A couple of years ago, I googled my name for fun.
It felt like I had to wait a million years to get computer access at home. To stand the waiting, I started collecting computer magazines, bringing the attached floppies and later CD-ROM's over to friends with computers to see what they contained. These magazines also used to provide simple guides on various topics, one of those happened to be HTML. I had to memorize the tags so that I could test them out by entering them in notepad.exe on the demo systems at my local Lap Power dealership.
I was 11 when I got my hands on a screaming fast multi media monster (Pentium MMX) at home, a year later, a Telia 020 dialup connection completed the setup. It gave me everything I ever wished for. At this point, I knew very well how to abuse the HTML tag and quickly managed to set up Geocities hosting.
The Internet was very different back then. It provided me with a safe space during my years in secondary school. I even OP'd a successful channel on DALnet during those years. I never really got the hang of how the Perl scripts on Matt's Script Archive worked or what Dim meant in Visual Basic. I wanted to, but my interest had already started to shift to movie making.
In my later teens, I tried my best preparing for a career in film making. It proved to be difficult, being based in a small town far away from the industry didn't exactly help. To me, it made little sense to move just to Stockholm. If relocation was going to be required, why not move even further away. That's how I ended up in the Netherlands and how I began my exploration of north-west Europe. Brussels, Belgium was to follow, and before finally ending up in Stockholm, I spent ten years in Hamburg, Germany.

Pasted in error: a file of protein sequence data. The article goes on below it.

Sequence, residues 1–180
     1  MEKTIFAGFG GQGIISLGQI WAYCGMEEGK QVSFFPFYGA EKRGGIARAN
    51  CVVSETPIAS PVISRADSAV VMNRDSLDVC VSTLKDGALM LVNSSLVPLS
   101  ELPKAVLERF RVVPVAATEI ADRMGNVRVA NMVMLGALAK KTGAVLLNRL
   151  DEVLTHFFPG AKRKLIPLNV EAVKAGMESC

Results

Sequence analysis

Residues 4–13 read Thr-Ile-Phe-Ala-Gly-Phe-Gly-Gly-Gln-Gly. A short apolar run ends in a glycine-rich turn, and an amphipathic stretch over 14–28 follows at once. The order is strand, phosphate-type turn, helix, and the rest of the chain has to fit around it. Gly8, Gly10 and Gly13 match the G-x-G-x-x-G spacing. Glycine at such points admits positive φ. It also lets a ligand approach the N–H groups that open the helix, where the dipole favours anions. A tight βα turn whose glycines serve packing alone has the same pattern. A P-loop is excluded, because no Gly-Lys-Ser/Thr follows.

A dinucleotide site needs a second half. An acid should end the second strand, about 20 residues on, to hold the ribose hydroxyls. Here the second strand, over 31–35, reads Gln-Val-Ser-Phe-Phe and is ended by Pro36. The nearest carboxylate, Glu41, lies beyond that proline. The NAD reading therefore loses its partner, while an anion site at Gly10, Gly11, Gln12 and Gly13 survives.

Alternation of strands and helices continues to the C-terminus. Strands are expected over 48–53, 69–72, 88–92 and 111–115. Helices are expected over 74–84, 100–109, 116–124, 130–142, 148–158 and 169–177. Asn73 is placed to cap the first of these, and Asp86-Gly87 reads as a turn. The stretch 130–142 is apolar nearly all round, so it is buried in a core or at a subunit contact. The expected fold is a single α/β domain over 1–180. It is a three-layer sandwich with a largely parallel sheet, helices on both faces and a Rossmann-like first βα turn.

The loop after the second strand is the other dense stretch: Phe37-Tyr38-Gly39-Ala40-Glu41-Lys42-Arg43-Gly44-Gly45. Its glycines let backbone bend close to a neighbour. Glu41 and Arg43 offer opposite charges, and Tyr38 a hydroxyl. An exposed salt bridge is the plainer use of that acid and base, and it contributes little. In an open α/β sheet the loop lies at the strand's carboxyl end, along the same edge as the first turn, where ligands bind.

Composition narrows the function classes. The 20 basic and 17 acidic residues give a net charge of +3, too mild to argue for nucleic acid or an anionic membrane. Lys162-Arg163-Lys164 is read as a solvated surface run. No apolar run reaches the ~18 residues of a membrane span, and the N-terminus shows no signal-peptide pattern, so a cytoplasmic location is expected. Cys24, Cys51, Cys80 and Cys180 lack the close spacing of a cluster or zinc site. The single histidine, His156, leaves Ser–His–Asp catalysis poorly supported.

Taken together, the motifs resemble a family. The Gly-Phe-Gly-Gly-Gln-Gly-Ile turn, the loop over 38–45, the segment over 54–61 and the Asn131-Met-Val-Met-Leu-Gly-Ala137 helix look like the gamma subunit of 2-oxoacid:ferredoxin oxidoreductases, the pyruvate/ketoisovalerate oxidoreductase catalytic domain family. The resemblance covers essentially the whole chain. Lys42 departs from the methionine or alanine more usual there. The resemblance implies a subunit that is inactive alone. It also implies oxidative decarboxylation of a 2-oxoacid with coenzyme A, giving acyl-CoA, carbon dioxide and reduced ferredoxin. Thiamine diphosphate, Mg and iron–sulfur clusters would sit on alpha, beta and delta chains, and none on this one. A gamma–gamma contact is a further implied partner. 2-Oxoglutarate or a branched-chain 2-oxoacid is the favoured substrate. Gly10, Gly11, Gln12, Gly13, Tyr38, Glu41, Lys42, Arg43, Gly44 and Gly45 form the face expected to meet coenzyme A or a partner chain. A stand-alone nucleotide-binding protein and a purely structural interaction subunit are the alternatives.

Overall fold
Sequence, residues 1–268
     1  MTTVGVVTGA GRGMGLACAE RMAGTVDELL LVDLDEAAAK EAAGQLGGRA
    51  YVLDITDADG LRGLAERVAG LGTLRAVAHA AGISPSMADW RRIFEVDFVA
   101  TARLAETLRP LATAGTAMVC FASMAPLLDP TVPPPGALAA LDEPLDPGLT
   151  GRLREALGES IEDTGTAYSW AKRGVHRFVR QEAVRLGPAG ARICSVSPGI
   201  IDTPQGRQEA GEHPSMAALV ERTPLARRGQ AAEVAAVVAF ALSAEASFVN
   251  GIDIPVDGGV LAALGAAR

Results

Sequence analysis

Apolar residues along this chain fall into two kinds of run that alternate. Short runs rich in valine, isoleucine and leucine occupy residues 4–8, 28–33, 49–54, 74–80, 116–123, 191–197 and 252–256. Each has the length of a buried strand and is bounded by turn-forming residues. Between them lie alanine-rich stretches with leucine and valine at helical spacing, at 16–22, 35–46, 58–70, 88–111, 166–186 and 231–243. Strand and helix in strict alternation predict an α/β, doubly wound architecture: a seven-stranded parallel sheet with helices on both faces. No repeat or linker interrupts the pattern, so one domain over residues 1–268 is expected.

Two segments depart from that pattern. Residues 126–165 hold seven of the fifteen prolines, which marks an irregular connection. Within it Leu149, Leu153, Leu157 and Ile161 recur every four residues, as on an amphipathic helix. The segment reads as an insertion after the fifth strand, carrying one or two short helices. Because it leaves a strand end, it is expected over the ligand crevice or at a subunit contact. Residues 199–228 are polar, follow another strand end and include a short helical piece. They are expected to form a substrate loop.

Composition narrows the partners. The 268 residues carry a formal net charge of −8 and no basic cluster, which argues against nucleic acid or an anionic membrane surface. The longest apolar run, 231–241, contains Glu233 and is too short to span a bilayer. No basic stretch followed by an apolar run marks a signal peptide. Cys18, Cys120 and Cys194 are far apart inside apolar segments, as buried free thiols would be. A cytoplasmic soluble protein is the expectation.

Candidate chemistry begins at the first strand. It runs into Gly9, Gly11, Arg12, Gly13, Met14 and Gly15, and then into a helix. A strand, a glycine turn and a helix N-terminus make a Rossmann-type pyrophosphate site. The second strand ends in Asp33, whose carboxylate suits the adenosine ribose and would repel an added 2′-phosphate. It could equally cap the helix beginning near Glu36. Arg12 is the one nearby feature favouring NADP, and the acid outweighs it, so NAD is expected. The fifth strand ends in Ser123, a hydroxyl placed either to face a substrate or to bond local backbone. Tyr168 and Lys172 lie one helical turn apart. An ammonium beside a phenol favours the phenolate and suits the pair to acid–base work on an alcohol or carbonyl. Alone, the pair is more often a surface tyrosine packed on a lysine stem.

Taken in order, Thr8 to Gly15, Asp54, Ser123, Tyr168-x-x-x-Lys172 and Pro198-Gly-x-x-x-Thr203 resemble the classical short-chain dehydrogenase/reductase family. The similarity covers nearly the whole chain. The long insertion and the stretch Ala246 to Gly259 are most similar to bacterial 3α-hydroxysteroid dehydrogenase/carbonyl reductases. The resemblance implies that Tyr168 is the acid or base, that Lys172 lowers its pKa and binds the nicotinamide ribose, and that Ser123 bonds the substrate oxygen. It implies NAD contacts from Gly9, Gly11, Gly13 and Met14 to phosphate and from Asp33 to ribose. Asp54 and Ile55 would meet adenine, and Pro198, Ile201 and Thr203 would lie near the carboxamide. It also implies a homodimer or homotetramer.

I think it was in the Netherlands that I got my first VPS, I was a bit afraid at first, as it didn't come with a full-blown desktop environment that I had come to expect from my time using Red Hat Linux 5.2 (not REHL, much older). I slowly started to figure out how the command line worked, and with time people would actually pay me to do system administration for them. One thing bothered me, though, while I was confident in configure and run applications, I could still not fully understand how something was working by reading its source code.
After doing Sysadmin, I developed a passion for programming. I remember, for years, all I did was study programming. I lived and breathed programming. I didn't even follow the news during these years, it's as if they didn't exist.
I now work as a Devops, making good use of the experiences that led me to this position.